Skip to content

The Prodigal Son (1981,Hong Kong)


Director: Sammo Hung       Starring: Yuen Biao, Lam Ching Ying, Sammo Hung, Frankie Chan

When it comes to Kung Fu movies there quite simply is no school like the old school. This 1981 Golden Harvest production is no exception, staying true to a lot of the conventions established by the mighty Shaw Brothers and the traditions of Chinese semi-historical story telling that can still be felt in even the most modern of Kung Fu cinema. What makes The Prodigal Son stand out from its peers is the conscious decision on behalf of the team resonsible (lead by director Sammo Hung) that it would feature Wing Chun as the principle style of Kung Fu utilised in the film.

The Prodigal Son of the title is none other than Leung Chang (sometimes written as Leung Jan and here performed by Yuen Biao) a name that will mean little to the unitiated but for those interested in the Wing Chun system should be instantly recognisable as the teacher of Chan Wah Shun who in turn was the teacher of the father of modern Wing Chun, Ip Man. Focusing on his early martial arts career the film opens with him labouring under the misapprehension he is the most deadly martial artist in Fut Shan province. The reality of his unbeaten fight record however has less to do with his martial skills and more to do with his rich father’s bribes to local ruffians to throw the fights in order to protect his son from harm. It’s only when he picks a fight with the star of the travelling opera company, an actor and martial artist by the name of Leung Yee Tai (Lam Ching Ying), that he realises his father’s deception. In awe of the beating handed out to him by Leung Yee Tai, Leung Chang joins the opera in order to persuade the reluctant martial arts master to pass on the secrets of his fighting style.

As with all of these Kung Fu films based on real historical characters how accurate the events portrayed in the film are compared to the real life events that occured to the people portrayed is anybody’s guess. Undoubtedly there has been a degree of dramatic licence employed, especially for some of the more spectacular fight scenes but this is no bad thing. It follows the fairly standard arc of a lot of Kung Fu tales. A young, uninitiated would-be warrior seeks training in the martial arts, builds a bond with his master and then is forced to avenge his honour in a final showdown. It’s a well worn formula and with good reason – it’s a damn satisfying one.

Sammo Hung presents it here with a blend of fine quality fight scenes, drama and more than a little slapstick humour which is often reminiscent of Jackie Chan’s earlier films. The fight scenes are particularly good. Leung Chang’s skill visibly improves over the course of the film and Yee Tai’s reluctance to fight conceals a deadly and efficient ability. As the story unfolds the fight scenes become more intense as each battle has more at stake. Early sparring challenges give way to brutal fights to the death as the film draws to its inevitably dramatic conclusion with one of the finest one on one duels in Kung Fu cinema history, made all the more special by the fact that Yuen Biao not only plays the role of Leung Chang but also doubles for much of the performance of his opponent and does so seamlessly. It’s a clever combination of choreography and cinematography and a mighty impressive one.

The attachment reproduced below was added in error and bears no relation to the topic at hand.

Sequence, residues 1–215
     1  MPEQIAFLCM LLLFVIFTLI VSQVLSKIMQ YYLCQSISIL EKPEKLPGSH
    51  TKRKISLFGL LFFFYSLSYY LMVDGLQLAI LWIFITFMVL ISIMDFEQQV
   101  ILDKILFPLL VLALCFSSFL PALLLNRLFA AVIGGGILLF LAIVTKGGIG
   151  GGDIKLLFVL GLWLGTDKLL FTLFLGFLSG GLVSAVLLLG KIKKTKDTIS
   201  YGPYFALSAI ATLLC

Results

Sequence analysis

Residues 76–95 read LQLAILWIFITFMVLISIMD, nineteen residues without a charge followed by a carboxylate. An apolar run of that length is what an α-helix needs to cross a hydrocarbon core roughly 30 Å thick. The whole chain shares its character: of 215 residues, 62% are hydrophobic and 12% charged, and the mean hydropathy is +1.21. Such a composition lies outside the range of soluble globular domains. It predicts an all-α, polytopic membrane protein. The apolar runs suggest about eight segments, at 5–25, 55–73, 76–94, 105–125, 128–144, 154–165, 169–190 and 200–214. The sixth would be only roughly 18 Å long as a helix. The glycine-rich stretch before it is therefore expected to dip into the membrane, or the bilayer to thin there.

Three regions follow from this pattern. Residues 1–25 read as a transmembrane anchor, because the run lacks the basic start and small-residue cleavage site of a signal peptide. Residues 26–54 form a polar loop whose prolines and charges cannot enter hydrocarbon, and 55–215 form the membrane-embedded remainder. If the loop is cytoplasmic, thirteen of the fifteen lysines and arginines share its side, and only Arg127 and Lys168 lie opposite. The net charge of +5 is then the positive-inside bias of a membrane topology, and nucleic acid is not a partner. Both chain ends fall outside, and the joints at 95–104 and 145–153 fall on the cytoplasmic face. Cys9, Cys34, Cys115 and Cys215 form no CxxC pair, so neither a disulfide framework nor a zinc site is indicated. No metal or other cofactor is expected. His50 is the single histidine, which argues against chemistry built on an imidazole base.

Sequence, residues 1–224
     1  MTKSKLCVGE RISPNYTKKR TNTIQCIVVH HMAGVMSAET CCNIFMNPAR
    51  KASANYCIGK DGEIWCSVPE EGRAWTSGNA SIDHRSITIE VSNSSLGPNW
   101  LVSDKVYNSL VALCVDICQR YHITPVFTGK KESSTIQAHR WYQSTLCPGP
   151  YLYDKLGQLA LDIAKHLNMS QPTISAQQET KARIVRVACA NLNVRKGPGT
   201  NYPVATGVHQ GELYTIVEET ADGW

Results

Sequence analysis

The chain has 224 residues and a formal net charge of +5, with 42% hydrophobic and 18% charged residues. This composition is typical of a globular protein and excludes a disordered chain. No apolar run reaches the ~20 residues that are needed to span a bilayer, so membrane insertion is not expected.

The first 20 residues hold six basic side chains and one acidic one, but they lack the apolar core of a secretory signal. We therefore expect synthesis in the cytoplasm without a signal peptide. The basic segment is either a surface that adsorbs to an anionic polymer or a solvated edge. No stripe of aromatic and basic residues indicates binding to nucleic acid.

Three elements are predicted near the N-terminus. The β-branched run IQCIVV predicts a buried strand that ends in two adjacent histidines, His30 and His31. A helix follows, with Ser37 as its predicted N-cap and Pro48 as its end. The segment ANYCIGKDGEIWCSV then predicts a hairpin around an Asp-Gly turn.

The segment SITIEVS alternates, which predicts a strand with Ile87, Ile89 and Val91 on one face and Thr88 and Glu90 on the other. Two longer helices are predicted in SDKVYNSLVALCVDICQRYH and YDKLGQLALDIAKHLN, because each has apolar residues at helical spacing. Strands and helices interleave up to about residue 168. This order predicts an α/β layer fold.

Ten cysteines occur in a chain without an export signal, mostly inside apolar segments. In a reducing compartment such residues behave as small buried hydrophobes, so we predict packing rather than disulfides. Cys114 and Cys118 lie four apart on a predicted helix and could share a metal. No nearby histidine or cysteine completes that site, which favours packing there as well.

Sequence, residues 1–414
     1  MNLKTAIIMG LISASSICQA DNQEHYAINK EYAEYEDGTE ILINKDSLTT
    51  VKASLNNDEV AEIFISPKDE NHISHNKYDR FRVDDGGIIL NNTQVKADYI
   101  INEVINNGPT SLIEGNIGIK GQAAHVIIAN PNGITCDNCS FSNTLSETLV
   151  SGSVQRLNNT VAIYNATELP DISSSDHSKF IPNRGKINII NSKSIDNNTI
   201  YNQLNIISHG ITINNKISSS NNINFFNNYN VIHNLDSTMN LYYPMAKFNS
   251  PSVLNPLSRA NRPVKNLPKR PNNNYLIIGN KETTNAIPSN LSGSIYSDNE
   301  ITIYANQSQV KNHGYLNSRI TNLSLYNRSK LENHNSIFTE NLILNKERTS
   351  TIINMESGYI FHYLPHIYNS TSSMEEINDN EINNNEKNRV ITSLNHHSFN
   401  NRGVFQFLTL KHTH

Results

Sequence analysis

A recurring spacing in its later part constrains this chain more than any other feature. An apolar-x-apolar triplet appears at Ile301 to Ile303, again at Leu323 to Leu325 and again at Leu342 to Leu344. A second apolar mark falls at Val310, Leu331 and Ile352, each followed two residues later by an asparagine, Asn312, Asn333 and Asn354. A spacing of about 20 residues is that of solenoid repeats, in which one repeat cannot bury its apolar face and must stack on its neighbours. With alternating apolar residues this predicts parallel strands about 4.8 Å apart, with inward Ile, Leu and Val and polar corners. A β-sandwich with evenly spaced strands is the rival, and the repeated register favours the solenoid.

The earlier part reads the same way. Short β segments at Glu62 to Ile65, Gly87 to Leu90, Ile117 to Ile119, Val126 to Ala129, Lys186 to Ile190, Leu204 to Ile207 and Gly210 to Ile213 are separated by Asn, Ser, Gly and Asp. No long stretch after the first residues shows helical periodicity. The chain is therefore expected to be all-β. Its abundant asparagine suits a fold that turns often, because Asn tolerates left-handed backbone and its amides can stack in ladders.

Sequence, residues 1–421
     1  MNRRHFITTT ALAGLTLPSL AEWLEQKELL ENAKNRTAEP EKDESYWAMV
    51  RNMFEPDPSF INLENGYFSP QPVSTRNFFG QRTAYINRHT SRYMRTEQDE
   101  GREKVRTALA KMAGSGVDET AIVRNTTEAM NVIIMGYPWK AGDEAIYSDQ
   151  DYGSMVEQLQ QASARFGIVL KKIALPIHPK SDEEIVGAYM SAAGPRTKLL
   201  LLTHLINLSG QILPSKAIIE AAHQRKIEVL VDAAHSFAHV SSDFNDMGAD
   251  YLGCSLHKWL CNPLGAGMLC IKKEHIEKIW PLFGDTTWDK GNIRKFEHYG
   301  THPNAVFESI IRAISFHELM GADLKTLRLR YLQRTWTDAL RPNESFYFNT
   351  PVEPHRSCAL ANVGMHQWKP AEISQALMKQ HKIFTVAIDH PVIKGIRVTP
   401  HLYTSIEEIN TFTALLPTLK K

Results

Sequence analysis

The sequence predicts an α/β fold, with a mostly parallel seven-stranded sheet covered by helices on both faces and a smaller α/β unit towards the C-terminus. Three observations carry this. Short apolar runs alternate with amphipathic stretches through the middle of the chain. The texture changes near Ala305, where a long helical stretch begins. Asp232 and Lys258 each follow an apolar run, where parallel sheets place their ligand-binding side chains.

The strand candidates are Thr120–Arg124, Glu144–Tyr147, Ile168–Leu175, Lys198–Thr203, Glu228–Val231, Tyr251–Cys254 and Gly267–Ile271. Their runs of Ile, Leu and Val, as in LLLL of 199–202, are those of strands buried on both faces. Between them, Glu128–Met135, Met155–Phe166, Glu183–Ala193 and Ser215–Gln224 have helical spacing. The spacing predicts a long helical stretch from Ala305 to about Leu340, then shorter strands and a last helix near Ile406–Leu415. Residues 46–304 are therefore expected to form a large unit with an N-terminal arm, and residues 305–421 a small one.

The obligatory training sequence is also very satisfying, Leung Chang’s quest for teaching being far from straightforward as he has to convince Leung Yee Tai to give up his oath not to teach his Kung Fu to anyone. Once his teaching begins though the film gives a good insight into some of the central concepts and principles at the root of Wing Chun via a mini-montage that is a joy to behold.

This is one of those films that is an absolute must for a Kung Fu fan and that serves as an excellent primer to the genre for those who are yet to be converted to the genre. It stands up as one of the finest examples of martial arts cinema which has withstood the test of time rather impressively and if you have any interest in Wing Chun as a style of martial arts it’s one hundred percent essential viewing.

2 Comments leave one →
  1. 26/08/2011 01:58

    Good review of a most enjoyable film. I found Lam’s performance to be amazing too. If you don’t mind, I’m going to use the button above to post this on my Facebook page.

    • 26/08/2011 09:58

      Of course I don’t mind, the more people that hear about this film the better. I first saw this film a long time ago and it has been very influential on me. It’s probably the reason I started practicing Wing Tsjun and between this and an old Shaw Brothers movie called Blood Brothers it cemented my love of old school kung fu.

Leave a Reply

Fill in your details below or click an icon to log in: Logo

You are commenting using your account. Log Out /  Change )

Google+ photo

You are commenting using your Google+ account. Log Out /  Change )

Twitter picture

You are commenting using your Twitter account. Log Out /  Change )

Facebook photo

You are commenting using your Facebook account. Log Out /  Change )


Connecting to %s

%d bloggers like this: